- Pin a fresh pin to only one board before scheduling the rest (I used to do 4 initial boards)
- Select relevant boards only (not general group boards), and pin to no more than 10 boards total
- Use story pins and video pins (if you have them)
- Pin manually only
- Unclaim and reclaim your site
Some bloggers have reported that these measures have helped them. I’ve tried the first two, but not the last three. Neither of these has improved my situation, but they could help yours.
If you’ve tried all these things with no luck, it may be worth taking a break, or dropping down to one fresh pin per day (that was my typical schedule already). That way, you won’t be wasting your time.
Basically, there’s no known fix for these current issues. It’s basically a waiting game. Several bloggers have had miraculous recoveries, while others have been stuck for months. If the issue still isn’t fixed by the end of my second month, I’m going to take a break myself.
Some have hypothesized that these glitches are actually algorithm changes to encourage bloggers to spend money on ads. Recently, I actually spent $10 on a promoted pin for a sponsorship, and the stats were pretty lackluster for a highly-pinnable image (if I do say so myself). I got just over 2k impressions, 1 save, and 18 clicks. Definitely not worth it!
My analytics for impressions (above) and link clicks (below). You can see 50% drop right before October 30.
Is Tailwind Still Worth It?
For those who don’t know, Tailwind is a Pinterest scheduler. It also offers “communities,” where you can share your pins to be reshared by others in your niche (you usually need to reshare 1-2 other pins for every pin you add to the community).
I’ve been using Tailwind since January 2020, and I like that I’m able to schedule one pin to several boards with a specific amount of time between each repin. (This is not the case for the native Pinterest scheduler, which only lets you schedule to one board at a time).
The communities also help boost your pin stats. Since the latest glitch, I’ve had a few pins pick up and actually get impressions, clicks, and saves, and I think it’s largely due to Tailwind Communities. When your pins are pinned by unaffected accounts, they tend to perform better.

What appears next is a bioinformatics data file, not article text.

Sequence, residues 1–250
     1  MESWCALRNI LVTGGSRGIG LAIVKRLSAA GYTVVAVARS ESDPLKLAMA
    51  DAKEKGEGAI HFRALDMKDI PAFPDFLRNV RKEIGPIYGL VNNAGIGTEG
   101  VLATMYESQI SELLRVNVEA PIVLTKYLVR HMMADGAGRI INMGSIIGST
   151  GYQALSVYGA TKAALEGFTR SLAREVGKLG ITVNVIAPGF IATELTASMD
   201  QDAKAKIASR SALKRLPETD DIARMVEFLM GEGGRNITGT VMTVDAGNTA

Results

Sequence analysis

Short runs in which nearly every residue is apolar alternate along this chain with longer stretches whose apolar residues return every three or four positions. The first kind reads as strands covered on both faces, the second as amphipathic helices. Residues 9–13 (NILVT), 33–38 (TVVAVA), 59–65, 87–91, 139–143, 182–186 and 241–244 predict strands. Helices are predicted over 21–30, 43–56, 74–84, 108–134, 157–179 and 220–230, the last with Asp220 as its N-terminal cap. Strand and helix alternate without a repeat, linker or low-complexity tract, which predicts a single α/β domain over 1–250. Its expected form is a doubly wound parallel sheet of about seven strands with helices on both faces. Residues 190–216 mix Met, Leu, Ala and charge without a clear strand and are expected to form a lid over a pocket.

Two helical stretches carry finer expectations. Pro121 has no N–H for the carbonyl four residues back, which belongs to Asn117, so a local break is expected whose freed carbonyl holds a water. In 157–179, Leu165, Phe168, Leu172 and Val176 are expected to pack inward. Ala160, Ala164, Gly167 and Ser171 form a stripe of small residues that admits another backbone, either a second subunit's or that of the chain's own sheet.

If you haven’t joined Tailwind already, it doesn’t hurt to test it out. To be completely transparent, I have a referral link that will give you a free month and $15 off if you decide to sign up for the paid plan. If the free month doesn’t help you, you can just stop using Tailwind. People have been reporting lower impressions from scheduled Tailwind pins, so I would recommend testing out the communities only for now.
I’m personally not sure if I’m going to be renewing my annual plan in January. I don’t love the idea of tracking my repins manually, so I’m likely going to continue, unless Pinterest decides that we should only save each pin once.
UPDATE: As of late January 2021, I canceled my Tailwind subscription since my Pinterest stats have not recovered. While Tailwind Communities were boosting my pin stats, I didn’t want to spend more money on Pinterest when it was not producing results. I am not consistently posting pins anymore as it doesn’t seem worth my time.
Anything can happen at this point, and it does seem that Pinterest is a little out of touch with the reality of being a creator. We don’t spend time creating pretty graphics to share them only once! We also can’t spend all day creating graphics and new blog content to be linked to those graphics.
At the end of the day, the goal of any social platform is to make money. The way they do that is to get us to spend more time on the platform. Pins that link out to blogs take users away from Pinterest, so it’s possible that they are trying to cap this activity. In fact, story pins (which don’t have external links) are apparently doing quite well.
Is this a short-term glitch? Or will Pinterest become irrelevant for bloggers? It’s unclear. In the meantime, I’d recommend diversifying your traffic sources. SEO is a little more consistent, and TikTok is also supposed to be the next biggest thing. No one platform is completely reliable; branching out will save you from losing major traffic when issues arise.
If you’re experiencing issues with impressions, you’re definitely not alone. If you’re comfortable sharing, let’s start a discussion in the comments to see if we can help each other out (or at least complain together haha).